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Theatre technician training and certification: Strengthening ‘the backbone of the sector’

Theatre technician training and certification: Strengthening ‘the backbone of the sector’

In the UK and most of Europe, theatre technicians have to be certified. After all, they are not only responsible for the show to go on, they are also trained to ensure the safety of actors, crew and audience members. In Malaysia, however, “the profession is not properly recognised” nor are there any official guidelines covering local theatre and performing arts venues. ARTERI speaks to Grey Yeoh about steps being taken right now to close this gap.

Why has the British Council, known primarily for English classes and cultural events, arranged for this International Theatre Technician Workshop?

The British Council may be primarily know in Malaysia for our work in English language teaching, but we definitely do a lot more than that. Some of our most important work in English, Education and Society, and Arts are largely out of the public eye. This International Theatre Technician Workshop is one that falls under our Arts work, where we work with local partners to identify skills gaps in the arts and creative industries. We’ve done such work before; in the past we’ve organised workshops on building audiences for contemporary dance and also workshops on writing theatre reviews. This technical theatre workshop is another one of our programme.

Why is this workshop necessary in Malaysia?

Together with our partner Yayasan Sime Darby, we first identified that there is a large talent void in technical theatre in Malaysia. This is evident by a simple audit of the headcount of certified technicians in Malaysia, but also through anecdotal stories about how during the busy seasons, stage managers or lighting designers will need to run between two or more show productions on the same night!

Sometimes, a production will need to hire someone completely new and train them on the spot, in order for the show to go on. When something unexpected happens, there isn’t anyone experienced enough to remedy the crisis.

Not only that, we realised too that without proper training or experience, occupational health and safety can be quite lax, which may lead to injuries or something worse. We think that in order to professionalise  the Malaysian performing arts sector, this is one of the most basic steps to take – to train the backbone of the sector.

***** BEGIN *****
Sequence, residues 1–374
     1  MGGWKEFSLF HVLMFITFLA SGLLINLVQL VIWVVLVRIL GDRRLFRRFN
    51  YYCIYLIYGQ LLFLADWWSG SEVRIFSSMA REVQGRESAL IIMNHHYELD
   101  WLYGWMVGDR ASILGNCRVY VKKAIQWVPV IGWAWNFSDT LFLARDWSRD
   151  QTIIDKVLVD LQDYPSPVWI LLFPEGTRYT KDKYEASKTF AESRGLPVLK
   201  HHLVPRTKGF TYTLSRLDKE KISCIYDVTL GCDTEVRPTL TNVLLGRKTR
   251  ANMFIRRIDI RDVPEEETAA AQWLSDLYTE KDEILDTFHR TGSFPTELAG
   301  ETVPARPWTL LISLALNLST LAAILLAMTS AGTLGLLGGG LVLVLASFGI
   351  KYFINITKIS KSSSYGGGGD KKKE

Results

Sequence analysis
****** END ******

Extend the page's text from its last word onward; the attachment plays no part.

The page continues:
This is not a workshop for beginners; you require applicants to send in their CV and a description of their experience in technical theatre. So who should attend this workshop?

We are looking for people who are already working in the sector, so that they can come forth, do the formal training and be certified. This is an opportunity for technicians who have learnt the ropes on the job, but never had the formal training to do so.

While this workshop’s module is quite basic, we realise that this is exactly what our technician colleagues need in order for them to do a better job, be a better technician than they already are. We aren’t calling for newbies, beginners or people who are considering a career in technical theatre because we feel that our current technicians will need this more.  

The workshop is being conducted by trainers from the Association of British Theatre Technicians (ABTT), London.How is being a theatre technician in the UK different from being a theatre technician here?

While the context is different, the fundamental basics are the same. Though some infrastructure or technology may differ (things like electrical voltage, thrust or grids), the skills and knowledge are essentially the same.

Do both countries require technicians to be certified? Are both countries strict about this?

In the UK and most European countries, yes. Theatre technicians must be certified in order to get work in venues. However in Malaysia, the profession is not properly recognised. Our research shows us that there aren’t even a document or policy that covers theatre and performing arts venues in Malaysia, provided by the Department of Occupational Safety and Health (DOSH).

Is this a one-off or will the British Council offer similar courses to improve the standard of theatre in Malaysia in the future?

Our objective is to have this initiative and training be sustainable, in order to grow the number of technicians over time. One of the ways we are doing this is to get senior technicians to be future trainers of the same course. We want senior technicians or technicians with more experience, to take a two-day ‘Introduction to Trainer Skills’ workshop, to develop some basic training skills, for them to learn how best to cascade their experience to new and eager technicians.


About Grey Yeoh

grey yeoh

Grey is an arts and culture administrator, multimedia and visual designer. He collaborates in socially-engaged art projects both online and for live performances.

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